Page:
New Zealand determined to stamp out rogue insolvency practitioners

Content Summary

Dr John Purcell FCPA, Policy Adviser, Corporate Regulation, CPA Australia. | March 2020
This article was current at the time of publication.

In June 2019, the New Zealand Parliament passed into law the Insolvency Practitioners Act 2019, heralding a co-regulatory scheme for insolvency practitioners to commence in June 2020.

Prior to these reforms, insolvency practitioners were not regulated as a specialist profession. The legal rules and technical processes by which corporate insolvency is addressed are contained in the New Zealand Companies Act 1993.

The New Zealand insolvency law – typical of most jurisdictions – has balanced objectives of efficient reallocation of residual assets to economic purposes and the protection of creditor rights by way of optimised distribution, where a business rescue is no longer an option.

Over and above these practical matters is the universally acknowledged role of insolvency law as critical to promoting and protecting the integrity of corporate law as an essential aspect of market governance and transparency.


The reforms have their origin in a Ministry of Business, Innovation and Employment (MBIE) 2016 review of corporate insolvency law following a deepening awareness of the extent to which insolvency services were falling short in standards of integrity and skills to the point where public confidence in the insolvency system was being eroded.

Specific instances came to light of “debtor-friendly” liquidators failing in their duties to protect the interests of creditors because of inaction – both wilful and through passive incompetence. These particularly related to transactions and arrangements in the “twilight” period leading to corporate collapse, with the vulnerabilities most evident among small-to-medium enterprises (SMEs).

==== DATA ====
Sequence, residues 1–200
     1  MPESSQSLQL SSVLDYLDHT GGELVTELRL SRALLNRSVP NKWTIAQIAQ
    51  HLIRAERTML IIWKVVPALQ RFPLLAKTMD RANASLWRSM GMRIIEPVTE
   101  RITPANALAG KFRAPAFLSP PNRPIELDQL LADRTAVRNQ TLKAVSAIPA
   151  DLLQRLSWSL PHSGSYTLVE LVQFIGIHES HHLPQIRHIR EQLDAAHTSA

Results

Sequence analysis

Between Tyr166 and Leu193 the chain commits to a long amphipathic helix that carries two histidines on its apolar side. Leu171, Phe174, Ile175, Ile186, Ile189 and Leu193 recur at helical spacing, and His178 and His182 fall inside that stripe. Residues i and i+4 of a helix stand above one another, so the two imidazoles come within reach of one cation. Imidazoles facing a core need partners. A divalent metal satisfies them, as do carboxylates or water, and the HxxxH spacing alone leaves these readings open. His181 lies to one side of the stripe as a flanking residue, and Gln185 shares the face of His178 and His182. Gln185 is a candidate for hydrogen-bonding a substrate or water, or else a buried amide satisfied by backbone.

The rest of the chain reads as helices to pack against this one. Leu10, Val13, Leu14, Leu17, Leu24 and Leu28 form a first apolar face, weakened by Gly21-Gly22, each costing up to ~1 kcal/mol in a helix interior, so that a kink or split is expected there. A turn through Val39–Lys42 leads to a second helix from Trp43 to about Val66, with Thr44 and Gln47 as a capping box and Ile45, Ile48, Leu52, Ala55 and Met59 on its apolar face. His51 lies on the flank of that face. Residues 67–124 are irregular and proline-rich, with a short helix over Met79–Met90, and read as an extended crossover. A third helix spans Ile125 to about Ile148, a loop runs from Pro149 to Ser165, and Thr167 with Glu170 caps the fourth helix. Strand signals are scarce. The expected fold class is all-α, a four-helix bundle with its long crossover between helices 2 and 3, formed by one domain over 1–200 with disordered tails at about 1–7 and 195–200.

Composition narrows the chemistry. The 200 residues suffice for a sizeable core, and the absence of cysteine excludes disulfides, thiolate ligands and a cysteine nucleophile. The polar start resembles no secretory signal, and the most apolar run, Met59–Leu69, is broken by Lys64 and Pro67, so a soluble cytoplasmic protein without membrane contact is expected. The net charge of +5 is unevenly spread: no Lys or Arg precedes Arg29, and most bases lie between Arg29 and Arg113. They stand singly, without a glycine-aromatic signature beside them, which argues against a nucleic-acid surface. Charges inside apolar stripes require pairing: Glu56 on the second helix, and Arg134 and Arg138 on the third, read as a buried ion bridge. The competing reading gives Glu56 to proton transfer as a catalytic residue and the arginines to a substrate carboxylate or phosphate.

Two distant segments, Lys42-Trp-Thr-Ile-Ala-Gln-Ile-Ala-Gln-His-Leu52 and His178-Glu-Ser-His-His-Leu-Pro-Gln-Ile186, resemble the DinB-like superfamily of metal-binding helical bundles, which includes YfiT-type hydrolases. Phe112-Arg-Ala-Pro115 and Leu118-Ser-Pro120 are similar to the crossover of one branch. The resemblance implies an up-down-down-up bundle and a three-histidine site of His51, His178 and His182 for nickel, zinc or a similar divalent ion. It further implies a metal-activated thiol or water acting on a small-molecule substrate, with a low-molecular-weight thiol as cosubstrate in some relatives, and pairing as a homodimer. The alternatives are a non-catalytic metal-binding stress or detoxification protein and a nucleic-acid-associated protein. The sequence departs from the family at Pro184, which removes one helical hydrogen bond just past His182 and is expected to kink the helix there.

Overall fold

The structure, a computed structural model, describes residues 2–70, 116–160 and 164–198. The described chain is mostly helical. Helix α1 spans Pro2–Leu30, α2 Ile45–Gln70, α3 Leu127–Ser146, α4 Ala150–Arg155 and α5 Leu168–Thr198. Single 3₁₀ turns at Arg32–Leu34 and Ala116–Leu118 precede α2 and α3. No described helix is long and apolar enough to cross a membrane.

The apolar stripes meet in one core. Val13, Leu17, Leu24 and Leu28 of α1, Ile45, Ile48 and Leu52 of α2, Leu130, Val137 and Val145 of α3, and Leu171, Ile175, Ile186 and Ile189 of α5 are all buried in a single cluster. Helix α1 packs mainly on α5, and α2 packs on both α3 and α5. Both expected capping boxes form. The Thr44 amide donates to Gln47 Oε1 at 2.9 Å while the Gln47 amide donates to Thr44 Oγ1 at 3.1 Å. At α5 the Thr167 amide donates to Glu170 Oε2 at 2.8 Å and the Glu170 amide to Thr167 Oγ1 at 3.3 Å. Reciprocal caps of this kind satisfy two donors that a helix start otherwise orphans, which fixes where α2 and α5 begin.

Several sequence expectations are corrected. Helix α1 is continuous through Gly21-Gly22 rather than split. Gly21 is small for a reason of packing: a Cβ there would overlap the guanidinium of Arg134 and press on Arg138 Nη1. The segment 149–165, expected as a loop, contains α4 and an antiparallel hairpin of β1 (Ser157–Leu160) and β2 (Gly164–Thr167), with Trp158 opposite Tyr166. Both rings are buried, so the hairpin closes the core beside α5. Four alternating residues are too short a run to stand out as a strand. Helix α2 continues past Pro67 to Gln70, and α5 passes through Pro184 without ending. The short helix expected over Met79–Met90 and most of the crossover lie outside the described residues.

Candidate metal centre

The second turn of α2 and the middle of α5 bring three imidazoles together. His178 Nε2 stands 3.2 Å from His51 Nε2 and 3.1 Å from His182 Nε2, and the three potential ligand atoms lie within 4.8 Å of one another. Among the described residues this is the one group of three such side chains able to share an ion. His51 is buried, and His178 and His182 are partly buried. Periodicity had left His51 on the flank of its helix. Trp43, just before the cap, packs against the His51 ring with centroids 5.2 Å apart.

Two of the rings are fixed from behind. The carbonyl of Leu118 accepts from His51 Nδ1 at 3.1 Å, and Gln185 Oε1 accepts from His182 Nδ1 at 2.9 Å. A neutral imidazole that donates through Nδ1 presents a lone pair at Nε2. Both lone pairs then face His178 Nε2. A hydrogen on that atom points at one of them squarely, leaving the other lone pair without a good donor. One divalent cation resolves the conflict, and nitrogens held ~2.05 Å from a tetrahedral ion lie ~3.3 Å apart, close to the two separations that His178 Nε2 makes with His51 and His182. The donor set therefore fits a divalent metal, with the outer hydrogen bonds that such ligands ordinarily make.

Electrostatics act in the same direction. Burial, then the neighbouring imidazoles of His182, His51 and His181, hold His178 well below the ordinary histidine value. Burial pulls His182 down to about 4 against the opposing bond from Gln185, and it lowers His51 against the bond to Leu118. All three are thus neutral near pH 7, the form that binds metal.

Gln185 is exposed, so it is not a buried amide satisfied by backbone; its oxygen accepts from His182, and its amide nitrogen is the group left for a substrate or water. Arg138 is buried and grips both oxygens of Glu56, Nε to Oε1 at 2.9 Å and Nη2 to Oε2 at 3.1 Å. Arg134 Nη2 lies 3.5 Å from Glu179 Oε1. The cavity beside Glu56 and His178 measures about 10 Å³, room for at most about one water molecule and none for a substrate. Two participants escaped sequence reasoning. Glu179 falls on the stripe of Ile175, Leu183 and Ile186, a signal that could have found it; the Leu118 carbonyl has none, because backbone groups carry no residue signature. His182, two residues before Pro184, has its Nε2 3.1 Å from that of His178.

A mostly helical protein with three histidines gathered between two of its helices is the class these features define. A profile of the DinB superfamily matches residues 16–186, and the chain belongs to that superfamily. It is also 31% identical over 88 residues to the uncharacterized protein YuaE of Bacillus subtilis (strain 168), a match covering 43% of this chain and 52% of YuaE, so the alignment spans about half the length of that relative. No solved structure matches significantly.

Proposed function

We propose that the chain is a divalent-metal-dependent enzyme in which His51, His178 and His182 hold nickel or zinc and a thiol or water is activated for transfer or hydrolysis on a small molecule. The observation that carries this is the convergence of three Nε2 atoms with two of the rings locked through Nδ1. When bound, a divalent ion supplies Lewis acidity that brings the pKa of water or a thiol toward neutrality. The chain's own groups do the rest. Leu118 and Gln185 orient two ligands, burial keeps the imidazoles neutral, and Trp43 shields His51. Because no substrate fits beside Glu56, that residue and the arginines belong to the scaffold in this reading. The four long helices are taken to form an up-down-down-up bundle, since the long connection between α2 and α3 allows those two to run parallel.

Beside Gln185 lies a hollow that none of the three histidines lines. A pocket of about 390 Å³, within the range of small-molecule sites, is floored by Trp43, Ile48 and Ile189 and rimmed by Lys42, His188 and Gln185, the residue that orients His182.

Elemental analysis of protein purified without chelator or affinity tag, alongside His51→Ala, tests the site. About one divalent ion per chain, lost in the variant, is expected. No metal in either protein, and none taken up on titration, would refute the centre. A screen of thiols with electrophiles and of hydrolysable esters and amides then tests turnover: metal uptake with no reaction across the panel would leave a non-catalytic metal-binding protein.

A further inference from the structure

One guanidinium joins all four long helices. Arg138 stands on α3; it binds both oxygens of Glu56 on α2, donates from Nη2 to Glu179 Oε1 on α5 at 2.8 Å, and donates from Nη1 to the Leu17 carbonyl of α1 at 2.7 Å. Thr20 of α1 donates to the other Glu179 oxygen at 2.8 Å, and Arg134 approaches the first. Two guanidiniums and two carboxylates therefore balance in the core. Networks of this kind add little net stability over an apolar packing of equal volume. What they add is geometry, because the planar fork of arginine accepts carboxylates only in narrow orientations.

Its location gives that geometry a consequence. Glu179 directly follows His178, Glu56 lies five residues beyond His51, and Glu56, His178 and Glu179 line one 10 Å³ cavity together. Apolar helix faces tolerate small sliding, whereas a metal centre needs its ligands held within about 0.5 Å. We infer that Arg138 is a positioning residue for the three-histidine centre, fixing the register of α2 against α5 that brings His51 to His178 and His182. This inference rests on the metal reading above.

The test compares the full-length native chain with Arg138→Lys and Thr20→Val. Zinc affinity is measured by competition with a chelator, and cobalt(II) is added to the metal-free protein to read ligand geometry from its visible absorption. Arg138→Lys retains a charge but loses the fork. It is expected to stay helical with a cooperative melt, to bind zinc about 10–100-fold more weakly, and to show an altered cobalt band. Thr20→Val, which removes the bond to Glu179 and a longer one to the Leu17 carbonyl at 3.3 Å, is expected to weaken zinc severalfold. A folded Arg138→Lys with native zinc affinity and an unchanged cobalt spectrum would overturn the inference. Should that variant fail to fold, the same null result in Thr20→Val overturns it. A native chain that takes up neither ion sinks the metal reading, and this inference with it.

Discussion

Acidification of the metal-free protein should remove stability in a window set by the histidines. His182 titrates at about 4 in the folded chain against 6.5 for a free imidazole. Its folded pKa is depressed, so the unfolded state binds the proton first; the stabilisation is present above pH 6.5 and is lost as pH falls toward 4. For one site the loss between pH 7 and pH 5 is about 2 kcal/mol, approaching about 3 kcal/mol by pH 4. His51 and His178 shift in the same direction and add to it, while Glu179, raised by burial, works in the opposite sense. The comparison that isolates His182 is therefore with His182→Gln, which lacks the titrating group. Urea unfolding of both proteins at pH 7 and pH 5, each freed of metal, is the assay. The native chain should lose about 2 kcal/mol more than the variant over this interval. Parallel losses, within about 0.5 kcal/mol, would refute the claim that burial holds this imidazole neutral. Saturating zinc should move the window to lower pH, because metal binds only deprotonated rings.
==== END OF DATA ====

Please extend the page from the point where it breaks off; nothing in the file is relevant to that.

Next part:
Two key areas of systemic failure were identified by MBIE. First, the absence of anything but modest, rudimentary requirements regarding legal and mental capacity, and the personal solvency necessary for an individual to effectively perform as an insolvency practitioner. There was, therefore, no reference to fundamentals such as integrity, knowledge, skills, and experience.

Second, the MBIE review cited the absence of an efficient and accessible regulatory mechanism to both drive accountability for professional misconduct or negligence, and to rid the system of those who were dishonest and incompetent.

The Insolvency Practitioners Bill, which was the subject of MBIE’s Insolvency Working Group 2016 review, contained a number of reforms aimed at easing inefficiencies associated with prima facie disqualifications stemming from appointments from banks and prior roles as investigating accountants and introduced a scheme of occupational regulation for insolvency practitioners. However, it opposed the latter licensing proposals on the grounds that there was no requirement or reference relating to qualifications, experience or good character.

Hence, the Insolvency Working Group’s July 2016 Report No. 1 canvassed three occupational regulation options in addition to the Bill’s proposal, which was silent on matters of honesty, competence and quality of service. These were: